Newcastle boss Steve Bruce revels in proving the doubters wrong


United are aiming for a top-half finish.

Newcastle boss Steve Bruce is relishing proving his detractors wrong and has been spurred on by the “disrespectful” response to his appointment.

Magpies fans were largely unimpressed when Bruce succeeded the popular Rafael Benitez last summer, while some members of the media predicted a season of struggle at St James’ Park.

With six games to go, the club are pushing for a top-10 finish in the Premier League after banishing any lingering relegation fears by thrashing struggling Bournemouth 4-1 on Wednesday evening.

Boyhood Newcastle fan Bruce admits the pessimism which greeted his arrival has provided extra determination to be successful.

“A lot of people wrote everybody off, including myself,” said 59-year-old Bruce.

“Even me at my age, you roll your sleeves up and say, ‘I’ll show them’.

“At the start of the season with some journalists, I couldn’t even take up a warm-up, it was a bit disrespectful at times.

“But it makes you work harder and stay a bit more grounded, and have that bit in you to say I’ll show these people that I have got the capability of managing and it just spurs me on a little bit.”

Goals from Dwight Gayle, Sean Longstaff, Miguel Almiron and Valentino Lazaro secured an emphatic success on the south coast to move Newcastle on to 42 points.

The mid-table Magpies need just one more win to equal their highest top-flight points haul of the Benitez era.

Asked about the prospect of a top-half finish, Bruce replied: “I would be delighted if we could, it would be some achievement.

“It’s a great club and a unique club and I’m delighted that I’ve got the opportunity to manage it.”

An embarrassing evening for relegation-threatened Bournemouth saw them fall to 19th place, below Aston Villa on goals scored, although they remain only a single point from safety.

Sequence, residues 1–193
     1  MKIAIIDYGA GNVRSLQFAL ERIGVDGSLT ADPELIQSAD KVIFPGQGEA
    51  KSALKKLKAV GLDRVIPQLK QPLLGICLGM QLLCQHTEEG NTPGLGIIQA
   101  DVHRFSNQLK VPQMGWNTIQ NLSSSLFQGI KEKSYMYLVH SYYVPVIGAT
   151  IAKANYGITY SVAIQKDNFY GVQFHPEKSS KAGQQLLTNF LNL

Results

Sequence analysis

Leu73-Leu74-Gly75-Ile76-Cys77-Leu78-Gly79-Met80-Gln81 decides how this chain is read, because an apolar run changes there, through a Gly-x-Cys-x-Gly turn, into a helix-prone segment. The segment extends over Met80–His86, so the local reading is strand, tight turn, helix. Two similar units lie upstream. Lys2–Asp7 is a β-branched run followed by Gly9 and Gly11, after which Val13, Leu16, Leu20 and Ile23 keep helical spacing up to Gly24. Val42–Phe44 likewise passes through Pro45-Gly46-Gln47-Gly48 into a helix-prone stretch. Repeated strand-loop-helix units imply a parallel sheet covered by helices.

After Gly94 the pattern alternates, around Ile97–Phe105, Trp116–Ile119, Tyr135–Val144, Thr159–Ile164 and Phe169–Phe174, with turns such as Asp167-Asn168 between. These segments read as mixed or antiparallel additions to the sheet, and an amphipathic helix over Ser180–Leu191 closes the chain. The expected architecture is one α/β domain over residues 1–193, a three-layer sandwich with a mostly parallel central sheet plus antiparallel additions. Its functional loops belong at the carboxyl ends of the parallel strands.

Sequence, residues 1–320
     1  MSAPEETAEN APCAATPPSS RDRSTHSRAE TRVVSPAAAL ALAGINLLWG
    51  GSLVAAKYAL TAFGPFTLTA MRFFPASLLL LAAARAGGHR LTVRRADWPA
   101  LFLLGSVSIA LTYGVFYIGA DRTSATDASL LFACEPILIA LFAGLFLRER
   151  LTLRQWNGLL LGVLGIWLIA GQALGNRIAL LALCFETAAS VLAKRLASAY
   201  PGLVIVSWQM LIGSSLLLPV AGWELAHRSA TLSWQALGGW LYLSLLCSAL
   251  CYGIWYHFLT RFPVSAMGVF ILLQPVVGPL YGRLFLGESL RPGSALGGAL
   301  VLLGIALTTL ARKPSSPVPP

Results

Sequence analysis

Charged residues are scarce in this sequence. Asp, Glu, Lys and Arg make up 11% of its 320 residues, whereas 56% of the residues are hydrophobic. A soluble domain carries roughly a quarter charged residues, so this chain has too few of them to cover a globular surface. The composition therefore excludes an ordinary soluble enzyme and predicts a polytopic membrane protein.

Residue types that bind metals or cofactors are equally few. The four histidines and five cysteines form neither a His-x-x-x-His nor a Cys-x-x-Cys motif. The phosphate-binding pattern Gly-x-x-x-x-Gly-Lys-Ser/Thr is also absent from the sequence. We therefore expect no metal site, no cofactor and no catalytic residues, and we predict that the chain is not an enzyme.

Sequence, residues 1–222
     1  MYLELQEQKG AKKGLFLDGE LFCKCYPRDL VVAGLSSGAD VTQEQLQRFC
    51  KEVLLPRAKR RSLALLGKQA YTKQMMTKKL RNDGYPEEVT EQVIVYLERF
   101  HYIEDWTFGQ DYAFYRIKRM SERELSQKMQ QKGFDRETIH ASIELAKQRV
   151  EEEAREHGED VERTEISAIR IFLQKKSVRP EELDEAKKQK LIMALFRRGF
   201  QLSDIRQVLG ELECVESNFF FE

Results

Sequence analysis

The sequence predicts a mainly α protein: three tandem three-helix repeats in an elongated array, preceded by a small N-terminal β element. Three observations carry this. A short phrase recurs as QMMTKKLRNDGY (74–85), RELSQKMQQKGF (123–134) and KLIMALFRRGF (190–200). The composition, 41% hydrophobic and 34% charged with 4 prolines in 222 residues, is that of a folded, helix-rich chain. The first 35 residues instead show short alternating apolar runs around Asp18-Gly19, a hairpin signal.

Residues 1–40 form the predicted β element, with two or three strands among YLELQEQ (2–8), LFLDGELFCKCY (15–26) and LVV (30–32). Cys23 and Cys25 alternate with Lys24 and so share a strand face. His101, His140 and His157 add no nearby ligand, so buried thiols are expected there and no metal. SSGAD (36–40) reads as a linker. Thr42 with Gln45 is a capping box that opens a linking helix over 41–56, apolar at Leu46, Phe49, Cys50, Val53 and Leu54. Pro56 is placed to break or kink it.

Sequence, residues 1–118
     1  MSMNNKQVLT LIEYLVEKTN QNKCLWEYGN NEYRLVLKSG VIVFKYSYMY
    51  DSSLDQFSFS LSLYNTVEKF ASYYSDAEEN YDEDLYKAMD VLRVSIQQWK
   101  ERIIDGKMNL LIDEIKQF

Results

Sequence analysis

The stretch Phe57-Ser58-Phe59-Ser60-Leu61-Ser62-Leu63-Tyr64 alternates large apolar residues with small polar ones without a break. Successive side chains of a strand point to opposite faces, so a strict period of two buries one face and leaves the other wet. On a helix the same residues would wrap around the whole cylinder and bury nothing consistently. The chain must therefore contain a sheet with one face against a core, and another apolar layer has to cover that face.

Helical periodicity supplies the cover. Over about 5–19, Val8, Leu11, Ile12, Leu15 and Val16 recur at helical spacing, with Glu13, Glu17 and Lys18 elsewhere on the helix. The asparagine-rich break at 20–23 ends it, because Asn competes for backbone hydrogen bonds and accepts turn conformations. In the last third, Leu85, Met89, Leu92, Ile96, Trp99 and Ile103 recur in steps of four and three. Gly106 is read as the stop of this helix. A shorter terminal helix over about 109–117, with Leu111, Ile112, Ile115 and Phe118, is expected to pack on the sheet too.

Dan Gosling’s stoppage-time goal provided little consolation as the Cherries’ worrying winless run stretched to seven games.

Manager Eddie Howe believes his side have so far failed to adapt to playing behind closed doors but retains belief of pulling off a great escape.

“The problem we have is the games themselves are – not emotionless – but they’re feeling-less without the crowd and that’s damaging us greatly at the moment,” said Howe.

“I think the response from the crowd would have helped us and I don’t think there is any way that scoreline would have ended up the way it was.

“But in a feeling-less game when we know how much is at stake, it’s very difficult for the players to adjust to that.

“Certainly we haven’t adjusted well enough to that and I think that’s been our biggest failing so far.”

Bournemouth face Manchester United at Old Trafford on Saturday ahead of further tough fixtures against Tottenham, Leicester and Manchester City.

“I’m absolutely committed to turning this around, believe we can. I have no doubts about that,” added Howe.

“The next few games are very difficult on paper but maybe they are the type of the games that we need.

“If you look at our results this season, we’ve picked up points against the big teams, we’ve done well against them, so hopefully that can be a change for us.”